The banking industry went through a robust building period as it sought to bring services closer to customers only to find tech made branches redundant.

The blend of telemedicine and wearable technology constantly monitoring vital signs could reduce traffic to brick-and-mortar clinics. It could well play into expanded roles for physician assistants and nurse practitioners, another approach that can help in primary care. But those specialties are in short supply.

Bay State solution

In Boston, state legislators are looking at overhauling the funding of primary care through Senate Bill 750. That plan would double the funding ratio and eliminate co-pays for primary care.

The approach caught the attention of Dr. Frederic Baker, a solo practitioner in Holden employed by UMass Memorial Health.

As a past president of both the Massachusetts Academy of Family Physicians and the Worcester District Medical Society, he said both organizations have been actively lobbying on behalf of S.B. 750.

A man with a dark blue suit jacket, white button down, and brown and purple tie smiles for the camera.
Photo I Courtesy of UMass Memorial Health
Dr. Frederic Baker, solo practitioner

The bill calls for increasing state support for primary care from 7.6% of state healthcare spending to 12-15% and includes a fundamental shift to a direct, per-patient, monthly payment to providers. The concept could reduce healthcare inequalities.

The approach builds on the state’s historic leadership role in finding new approaches to healthcare issues, Baker said. And it keeps the state competitive with neighbors Connecticut and Rhode Island, which are hiking their funding commitments to primary care.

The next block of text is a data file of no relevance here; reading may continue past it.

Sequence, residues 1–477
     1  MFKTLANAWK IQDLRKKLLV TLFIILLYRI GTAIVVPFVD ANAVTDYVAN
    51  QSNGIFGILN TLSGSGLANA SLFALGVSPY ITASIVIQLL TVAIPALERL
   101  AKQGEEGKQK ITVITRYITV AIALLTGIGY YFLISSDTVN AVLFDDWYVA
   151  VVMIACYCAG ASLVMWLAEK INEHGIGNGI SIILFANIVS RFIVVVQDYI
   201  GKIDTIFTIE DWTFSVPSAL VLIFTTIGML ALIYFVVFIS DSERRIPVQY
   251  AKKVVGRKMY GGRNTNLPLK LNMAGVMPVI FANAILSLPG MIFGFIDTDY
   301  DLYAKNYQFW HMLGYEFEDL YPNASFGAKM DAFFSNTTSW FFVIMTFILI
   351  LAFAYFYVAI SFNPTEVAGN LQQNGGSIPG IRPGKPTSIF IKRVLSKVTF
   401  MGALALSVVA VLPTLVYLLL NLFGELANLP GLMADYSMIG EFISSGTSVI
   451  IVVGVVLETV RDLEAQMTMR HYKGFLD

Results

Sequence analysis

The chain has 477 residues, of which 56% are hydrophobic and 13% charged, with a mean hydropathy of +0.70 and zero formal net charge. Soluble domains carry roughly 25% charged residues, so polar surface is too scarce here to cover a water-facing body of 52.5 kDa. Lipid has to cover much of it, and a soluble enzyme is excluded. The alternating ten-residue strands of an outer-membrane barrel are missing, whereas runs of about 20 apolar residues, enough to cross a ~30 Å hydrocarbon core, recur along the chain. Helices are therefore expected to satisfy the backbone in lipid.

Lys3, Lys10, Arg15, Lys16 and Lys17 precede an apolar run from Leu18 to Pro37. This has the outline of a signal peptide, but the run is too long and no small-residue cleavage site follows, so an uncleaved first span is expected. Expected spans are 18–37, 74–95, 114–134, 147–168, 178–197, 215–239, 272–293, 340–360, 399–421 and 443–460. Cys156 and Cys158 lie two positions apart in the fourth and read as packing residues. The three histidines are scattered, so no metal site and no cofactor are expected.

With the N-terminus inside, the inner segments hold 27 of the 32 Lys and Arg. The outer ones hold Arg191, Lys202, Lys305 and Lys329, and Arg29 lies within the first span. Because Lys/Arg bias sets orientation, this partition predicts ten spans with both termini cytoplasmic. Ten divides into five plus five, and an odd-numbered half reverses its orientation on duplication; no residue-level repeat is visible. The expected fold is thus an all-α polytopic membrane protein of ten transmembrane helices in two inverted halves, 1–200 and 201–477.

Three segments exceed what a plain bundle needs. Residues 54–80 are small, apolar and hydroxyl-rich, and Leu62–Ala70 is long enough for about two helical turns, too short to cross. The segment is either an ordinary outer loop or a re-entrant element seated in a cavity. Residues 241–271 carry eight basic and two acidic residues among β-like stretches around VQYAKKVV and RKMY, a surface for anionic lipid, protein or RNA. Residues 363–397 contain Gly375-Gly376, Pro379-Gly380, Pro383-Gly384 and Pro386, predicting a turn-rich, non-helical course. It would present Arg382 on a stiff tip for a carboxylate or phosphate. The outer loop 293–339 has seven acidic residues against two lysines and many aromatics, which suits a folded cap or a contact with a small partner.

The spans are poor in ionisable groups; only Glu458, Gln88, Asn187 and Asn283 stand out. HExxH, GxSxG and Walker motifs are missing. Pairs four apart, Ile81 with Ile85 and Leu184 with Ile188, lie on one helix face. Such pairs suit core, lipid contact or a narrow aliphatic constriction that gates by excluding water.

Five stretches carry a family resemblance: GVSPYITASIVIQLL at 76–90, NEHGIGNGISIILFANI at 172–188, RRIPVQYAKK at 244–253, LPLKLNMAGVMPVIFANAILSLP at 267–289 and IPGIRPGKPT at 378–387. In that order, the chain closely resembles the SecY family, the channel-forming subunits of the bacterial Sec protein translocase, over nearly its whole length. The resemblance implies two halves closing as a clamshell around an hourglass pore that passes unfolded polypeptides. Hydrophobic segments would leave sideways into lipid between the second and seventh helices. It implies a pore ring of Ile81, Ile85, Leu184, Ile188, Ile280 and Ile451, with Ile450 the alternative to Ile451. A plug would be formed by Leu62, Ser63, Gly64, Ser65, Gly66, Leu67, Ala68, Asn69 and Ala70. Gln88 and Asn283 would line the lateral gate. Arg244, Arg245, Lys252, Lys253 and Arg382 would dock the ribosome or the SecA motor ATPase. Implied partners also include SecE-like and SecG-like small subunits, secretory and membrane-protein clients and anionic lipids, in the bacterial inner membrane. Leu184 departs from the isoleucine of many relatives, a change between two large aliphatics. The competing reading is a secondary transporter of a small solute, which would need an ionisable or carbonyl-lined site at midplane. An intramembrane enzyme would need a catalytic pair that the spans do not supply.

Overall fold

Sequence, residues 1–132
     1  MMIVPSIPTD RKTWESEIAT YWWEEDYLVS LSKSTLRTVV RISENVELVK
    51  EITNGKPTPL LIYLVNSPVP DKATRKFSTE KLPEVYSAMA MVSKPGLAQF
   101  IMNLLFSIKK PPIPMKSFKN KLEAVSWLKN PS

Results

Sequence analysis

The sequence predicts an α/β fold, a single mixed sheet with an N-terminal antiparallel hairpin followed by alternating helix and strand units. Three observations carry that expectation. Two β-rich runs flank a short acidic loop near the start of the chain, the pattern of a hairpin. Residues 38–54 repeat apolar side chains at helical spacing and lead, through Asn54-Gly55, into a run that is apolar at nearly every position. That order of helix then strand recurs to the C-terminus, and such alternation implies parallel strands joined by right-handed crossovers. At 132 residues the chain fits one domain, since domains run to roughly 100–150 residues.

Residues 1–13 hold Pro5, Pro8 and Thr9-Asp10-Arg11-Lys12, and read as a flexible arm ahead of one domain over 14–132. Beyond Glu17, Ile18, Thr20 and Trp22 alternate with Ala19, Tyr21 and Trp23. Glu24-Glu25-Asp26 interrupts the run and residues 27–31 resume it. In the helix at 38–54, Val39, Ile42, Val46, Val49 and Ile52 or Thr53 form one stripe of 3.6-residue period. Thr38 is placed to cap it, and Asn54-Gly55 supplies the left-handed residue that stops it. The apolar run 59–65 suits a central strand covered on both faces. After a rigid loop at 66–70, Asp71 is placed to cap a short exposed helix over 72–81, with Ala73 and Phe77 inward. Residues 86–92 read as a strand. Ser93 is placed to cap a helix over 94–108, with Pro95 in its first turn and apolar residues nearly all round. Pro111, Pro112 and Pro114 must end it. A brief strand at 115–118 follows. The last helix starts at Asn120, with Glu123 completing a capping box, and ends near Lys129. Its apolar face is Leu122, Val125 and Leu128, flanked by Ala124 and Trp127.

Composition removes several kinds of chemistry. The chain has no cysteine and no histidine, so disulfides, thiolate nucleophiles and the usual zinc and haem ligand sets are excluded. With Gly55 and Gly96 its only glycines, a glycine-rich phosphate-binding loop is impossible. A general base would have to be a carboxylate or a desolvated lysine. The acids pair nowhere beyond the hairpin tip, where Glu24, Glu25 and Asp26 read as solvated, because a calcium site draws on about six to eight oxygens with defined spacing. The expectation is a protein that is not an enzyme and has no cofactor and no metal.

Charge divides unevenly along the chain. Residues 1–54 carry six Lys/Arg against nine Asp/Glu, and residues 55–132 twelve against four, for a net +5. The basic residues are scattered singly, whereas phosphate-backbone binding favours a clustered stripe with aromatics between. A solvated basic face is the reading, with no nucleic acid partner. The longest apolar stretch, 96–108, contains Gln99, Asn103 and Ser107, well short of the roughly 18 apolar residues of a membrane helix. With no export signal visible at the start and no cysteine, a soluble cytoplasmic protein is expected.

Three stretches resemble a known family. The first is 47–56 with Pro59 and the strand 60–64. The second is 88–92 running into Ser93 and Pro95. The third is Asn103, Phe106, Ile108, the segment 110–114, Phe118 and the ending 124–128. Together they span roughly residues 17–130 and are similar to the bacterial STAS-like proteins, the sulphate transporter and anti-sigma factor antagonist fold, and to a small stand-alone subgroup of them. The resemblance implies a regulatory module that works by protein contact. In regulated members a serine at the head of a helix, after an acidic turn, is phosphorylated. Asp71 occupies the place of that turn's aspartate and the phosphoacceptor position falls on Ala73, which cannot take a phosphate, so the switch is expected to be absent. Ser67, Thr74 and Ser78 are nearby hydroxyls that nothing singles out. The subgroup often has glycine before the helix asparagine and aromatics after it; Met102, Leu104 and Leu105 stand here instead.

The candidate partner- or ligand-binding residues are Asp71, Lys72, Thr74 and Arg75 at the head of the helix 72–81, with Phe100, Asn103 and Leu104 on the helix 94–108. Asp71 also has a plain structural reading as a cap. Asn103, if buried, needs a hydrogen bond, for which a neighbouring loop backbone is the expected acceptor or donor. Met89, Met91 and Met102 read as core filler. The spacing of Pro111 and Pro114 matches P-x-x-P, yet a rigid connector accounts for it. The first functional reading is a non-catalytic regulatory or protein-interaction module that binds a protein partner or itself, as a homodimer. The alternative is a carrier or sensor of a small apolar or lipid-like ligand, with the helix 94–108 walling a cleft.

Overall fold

Most importantly, Baker said, it cuts to the heart of issues fueling a crisis in primary care.

He pointed to two telling datapoints:

1. More than twice as many anesthesiology residencies are available in the state (114) than family practice residencies (53). New doctors are steering away from primary care because of disparities in compensation, workload, and burnout, he said.

2. He’s seeing 12-14 patients a day in this practice, about a third of the number he was seeing in the early part of this century. His practice is maxed out, and he can’t accept new patients. The culprit, he said, is the complexity of paperwork requirements, from electronic records to insurer demands for prior authorizations.

Baker has been seeing patients in Holden for 30 years. That kind of continuity of care is an advantage clinics and urgent care facilities can’t match. He quickly ticks off cases where his history with the patient has led to a diagnosis others might have missed.

Still, he knows his solo practice model is the outlier in today’s world. While he thinks Senate Bill 750 can help level the playing field for primary care practices, the problems run deeper than compensation.

Price of paperwork

It takes 2.5 back-office staffers per physician to keep a practice running, he said. It’s costly, and finding good talent is difficult. The culprit is paperwork, even if technology has replaced paper and pen with check marks on a tablet.

“Reducing the administrative burden is a must,” he said.

One factor is state and federal regulatory requirements that micromanage in the name of safety and security. But a growing intrusion is insurers’ demands to pre-approve even the most routine testing and prescriptions.

Something has to change soon, Baker said. He urges patients to get involved in shaping the solutions by letting legislators know the importance of their relationships with their primary care physicians.